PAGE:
Tower Heist

Towerheist

Movie review by Greg Carlson

Locked in a battle for attention with the recent off-screen Oscar telecast tempests that bedeviled uncouth director/loose-lipped homophobe Brett Ratner and star Eddie Murphy, “Tower Heist” is vain and empty-headed. A gruesome casserole of lukewarm B.S., “Tower Heist” is predicated on the notion that a cast headed by multimillionaires playing service sector victims of a Madoff-like pyramid scheme can somehow make all of the poor schmucks in the audience forget their economic woes by fantasizing about sticking it to a penthouse-dwelling fat cat. The only problem: “Tower Heist” is not particularly funny and it is certainly not well-written.

Ben Stiller’s Josh Kovacs is the dedicated majordomo of the Tower, a ritzy New York high rise populated by a parade of odious and well-heeled snobs used to being pampered and fawned over by an army of lowly doormen, maids, cooks, drivers, secretaries and other wage-slaves. Wall Street top dog Arthur Shaw (Alan Alda), the swindling one-percenter whose arrest signals bad news for the building staffers who trusted him with their pensions, shares an uneasy master-servant relationship with Kovacs, but the humiliated underling vows revenge. Enlisting childhood acquaintance Slide (Eddie Murphy) in a nonsensical scheme to steal Shaw’s emergency cash fund, Kovacs spends the balance of his time corralling his bumbling team of thieves.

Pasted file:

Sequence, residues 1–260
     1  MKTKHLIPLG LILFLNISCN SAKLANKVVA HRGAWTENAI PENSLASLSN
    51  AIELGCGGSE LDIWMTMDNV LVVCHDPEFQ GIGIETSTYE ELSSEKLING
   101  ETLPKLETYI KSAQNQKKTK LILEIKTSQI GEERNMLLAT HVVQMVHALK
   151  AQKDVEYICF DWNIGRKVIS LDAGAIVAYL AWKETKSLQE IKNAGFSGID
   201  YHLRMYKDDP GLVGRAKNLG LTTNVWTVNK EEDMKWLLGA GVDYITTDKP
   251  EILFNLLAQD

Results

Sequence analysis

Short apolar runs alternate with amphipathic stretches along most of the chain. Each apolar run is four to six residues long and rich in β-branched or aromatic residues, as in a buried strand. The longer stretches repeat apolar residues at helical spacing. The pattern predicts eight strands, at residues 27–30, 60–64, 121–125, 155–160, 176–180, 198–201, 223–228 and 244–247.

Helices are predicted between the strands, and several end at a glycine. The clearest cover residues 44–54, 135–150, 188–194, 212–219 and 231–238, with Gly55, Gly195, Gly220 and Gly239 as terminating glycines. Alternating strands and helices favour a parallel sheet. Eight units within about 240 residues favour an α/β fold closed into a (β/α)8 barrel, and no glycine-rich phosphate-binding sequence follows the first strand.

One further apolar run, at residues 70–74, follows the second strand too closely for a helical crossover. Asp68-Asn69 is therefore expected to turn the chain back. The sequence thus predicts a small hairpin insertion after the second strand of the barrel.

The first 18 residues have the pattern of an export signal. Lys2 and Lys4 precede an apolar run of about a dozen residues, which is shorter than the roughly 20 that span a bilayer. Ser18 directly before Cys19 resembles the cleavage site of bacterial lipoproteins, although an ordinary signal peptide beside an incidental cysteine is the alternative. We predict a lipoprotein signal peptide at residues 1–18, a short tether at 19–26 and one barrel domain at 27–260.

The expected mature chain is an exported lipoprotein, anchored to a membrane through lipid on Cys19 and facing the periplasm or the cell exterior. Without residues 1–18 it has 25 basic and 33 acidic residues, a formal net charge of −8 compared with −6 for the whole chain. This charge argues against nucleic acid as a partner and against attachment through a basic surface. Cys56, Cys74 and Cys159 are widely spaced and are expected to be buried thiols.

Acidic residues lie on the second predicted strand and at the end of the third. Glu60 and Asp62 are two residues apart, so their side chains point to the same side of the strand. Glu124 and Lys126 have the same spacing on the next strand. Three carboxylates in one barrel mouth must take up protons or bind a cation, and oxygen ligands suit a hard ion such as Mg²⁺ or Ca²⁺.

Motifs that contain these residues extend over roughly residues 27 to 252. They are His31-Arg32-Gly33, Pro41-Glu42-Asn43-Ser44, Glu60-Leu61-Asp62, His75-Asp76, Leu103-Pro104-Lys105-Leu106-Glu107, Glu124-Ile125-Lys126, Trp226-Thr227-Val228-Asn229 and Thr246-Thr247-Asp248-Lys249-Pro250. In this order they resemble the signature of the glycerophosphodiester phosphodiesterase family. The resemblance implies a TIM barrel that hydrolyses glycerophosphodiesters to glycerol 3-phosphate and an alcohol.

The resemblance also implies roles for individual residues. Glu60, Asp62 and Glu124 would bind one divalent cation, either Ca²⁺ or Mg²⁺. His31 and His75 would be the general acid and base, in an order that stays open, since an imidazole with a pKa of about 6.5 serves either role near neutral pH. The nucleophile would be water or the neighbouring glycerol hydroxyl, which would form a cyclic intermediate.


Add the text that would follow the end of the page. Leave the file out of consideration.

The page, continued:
Murphy, whose “streetwise” Slide was touted as a back-to-basics return to form for the veteran comic, or at least a break from fat suits and saccharine “family” films, cannot quite conjure the early 80s spirit of Reggie Hammond or Billy Ray Valentine, and the movie’s PG-13 rating restricts the level of profanity allowed. It is also mildly disappointing to watch Murphy – who hatched the original idea for “Tower Heist” as an all-black caper before seeing it turn into an “Ocean’s Eleven” wannabe – relegated to second banana status.

Ratner’s hollow aping of Reagan-era action comedies steers the film’s aesthetic (or lack thereof), and the central caper, in which the underprepared and uncoordinated protagonists engineer the removal of Shaw’s priceless Ferrari (purportedly once owned by Steve McQueen) during the Macy’s Thanksgiving Day Parade, chews up the clock in favor of the timely satire promised by the movie’s trailer. “Tower Heist” should have capitalized on capital, but the rooftop swimming pool’s hundred-dollar bill design is as close as the movie gets to any kind of economic commentary. The definition of the class gulf between billionaire Shaw and hustler Slide needed to be razor sharp, not noodle wet.

Ratner constructs the narrative with no sense of momentum, pacing, or even plot, and while the heavily rewritten script (with un-credited contributions from Noah Baumbach for Stiller’s character) does the filmmaker no favors, the failure of “Tower Heist” belongs mostly to its brash director. The plotters, including Matthew Broderick’s schlubby, bankrupt investor, regularly lose track of their outrage at Shaw’s fiduciary malfeasance, and Shaw himself never comes into sharp focus as a true antagonist. Subplots involving Casey Affleck’s defection from the schemers and Tea Leoni’s shapeless romance with Kovacs exist as dull obstacles incapable of generating even the tiniest shred of suspense over the movie’s predictable outcome.

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